- 0 votes
I realise that this is probably a really easy question I just don'y understand probability :(
There are 10 students in a class.
6 of the students are boys and 4 of the students are girls.
Three students are picked at random from the class to form a team.
Work out the probability that the team consists of 1 girl and 2 boys.
- 2 votes
I just did this on a practice paper, here is how I did it:
So basically draw a probability tree starting with one branch for boy and one for girl. For girl the probability is 4/10 and for boy it is 6/10. Then coming off of each of these you have another one saying boy and girl, only this time it is /9. You do this one more time with /8 and then look for the ones that have one girl and 2 boys. You times the three probabilities along the branch. Then you add the results that you got, and you have the answer!
Hope that made sense, otherwise look up how to do probability trees.
- 2 votes
You need to make a probability tree, remembering it is conditional/dependant probability, as in the total amount will change every time somebody is selected.
1st person picked - 6/10 boys and 4/10 girls
2nd person picked (option 1) - 5/9 boys and 4/9 girls
2nd person picked (option 2) - 6/9 boys and 3/9 girls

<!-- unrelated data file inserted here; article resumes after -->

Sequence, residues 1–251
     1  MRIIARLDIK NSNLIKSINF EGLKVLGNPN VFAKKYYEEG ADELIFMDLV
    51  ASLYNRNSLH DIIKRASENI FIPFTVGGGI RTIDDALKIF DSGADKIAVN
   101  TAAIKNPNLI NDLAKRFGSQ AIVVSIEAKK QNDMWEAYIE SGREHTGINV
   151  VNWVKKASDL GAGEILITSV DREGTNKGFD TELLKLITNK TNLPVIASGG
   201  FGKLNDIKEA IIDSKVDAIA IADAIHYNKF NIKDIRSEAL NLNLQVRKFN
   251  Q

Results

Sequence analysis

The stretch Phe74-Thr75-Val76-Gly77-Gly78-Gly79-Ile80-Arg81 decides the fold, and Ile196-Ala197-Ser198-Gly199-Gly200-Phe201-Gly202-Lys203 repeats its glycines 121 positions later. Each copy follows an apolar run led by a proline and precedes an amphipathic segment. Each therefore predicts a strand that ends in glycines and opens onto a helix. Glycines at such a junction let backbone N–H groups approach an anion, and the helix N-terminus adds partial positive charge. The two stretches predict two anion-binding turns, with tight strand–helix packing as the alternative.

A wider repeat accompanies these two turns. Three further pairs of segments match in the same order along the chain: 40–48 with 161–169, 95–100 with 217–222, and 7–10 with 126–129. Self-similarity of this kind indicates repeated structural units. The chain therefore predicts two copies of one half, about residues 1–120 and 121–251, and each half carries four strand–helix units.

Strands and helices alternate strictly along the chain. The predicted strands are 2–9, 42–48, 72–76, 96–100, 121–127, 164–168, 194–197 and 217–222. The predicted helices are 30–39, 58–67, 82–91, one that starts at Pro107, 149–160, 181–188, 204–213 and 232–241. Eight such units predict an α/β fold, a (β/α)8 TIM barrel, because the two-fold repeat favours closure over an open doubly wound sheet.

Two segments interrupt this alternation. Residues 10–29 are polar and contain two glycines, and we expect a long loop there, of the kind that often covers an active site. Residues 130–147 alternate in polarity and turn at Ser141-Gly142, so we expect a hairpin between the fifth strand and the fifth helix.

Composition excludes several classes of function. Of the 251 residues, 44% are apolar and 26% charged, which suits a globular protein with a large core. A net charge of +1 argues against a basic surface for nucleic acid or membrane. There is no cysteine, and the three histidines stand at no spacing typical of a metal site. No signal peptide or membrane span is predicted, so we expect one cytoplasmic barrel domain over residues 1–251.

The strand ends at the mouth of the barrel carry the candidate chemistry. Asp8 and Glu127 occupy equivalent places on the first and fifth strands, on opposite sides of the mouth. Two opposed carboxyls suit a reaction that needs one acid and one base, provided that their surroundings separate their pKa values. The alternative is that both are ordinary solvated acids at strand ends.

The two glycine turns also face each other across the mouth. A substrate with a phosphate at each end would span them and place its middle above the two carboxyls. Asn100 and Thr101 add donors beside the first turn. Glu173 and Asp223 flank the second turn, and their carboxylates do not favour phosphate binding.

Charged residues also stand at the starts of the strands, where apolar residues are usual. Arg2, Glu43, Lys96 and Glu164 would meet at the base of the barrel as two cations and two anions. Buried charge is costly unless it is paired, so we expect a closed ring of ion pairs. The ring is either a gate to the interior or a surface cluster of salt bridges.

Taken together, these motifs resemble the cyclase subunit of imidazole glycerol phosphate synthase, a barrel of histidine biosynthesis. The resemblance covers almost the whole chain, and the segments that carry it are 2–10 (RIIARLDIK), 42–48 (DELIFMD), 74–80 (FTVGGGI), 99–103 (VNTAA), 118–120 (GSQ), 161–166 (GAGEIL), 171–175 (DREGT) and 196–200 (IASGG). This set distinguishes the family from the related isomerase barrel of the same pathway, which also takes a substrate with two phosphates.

3rd person picked (option 1a) - 4/8 boys and 4/8 girls
3rd person picked (option 1b) - 5/8 boys and 3/8 girls
3rd person picked (option 2a) - 5/8 boys and 3/8 girls
3rd person picked(option 2b) - 6/8 boys and 2/8 girls
this sound really confusing but put this information into a probability tree and multiply the fractions relating to the query: 1 girl and 2 boys, don't forget this query could appear in any order (1 boy, 1 girl then another boy)
When i drew this tree I got the answers:
6/10 x 5/9 x 4/8 = 0.166666667
6/10 x 4/9 x 5/8 = 0.166666667
4/10 x 6/9 x 5/8 = 0.166666667
add these answers together because these are 'or' answers = 0.500000001
which = 1/2 <---- there's your answer. You could also do this in a ratio way but I think this way makes more sense even though it is probably longer.
- 0 votes
Thanks guys I understand it A LOT better now!!! ^_^
- -2 votes
use a tree diagram. Remember it's conditional/dependant probability.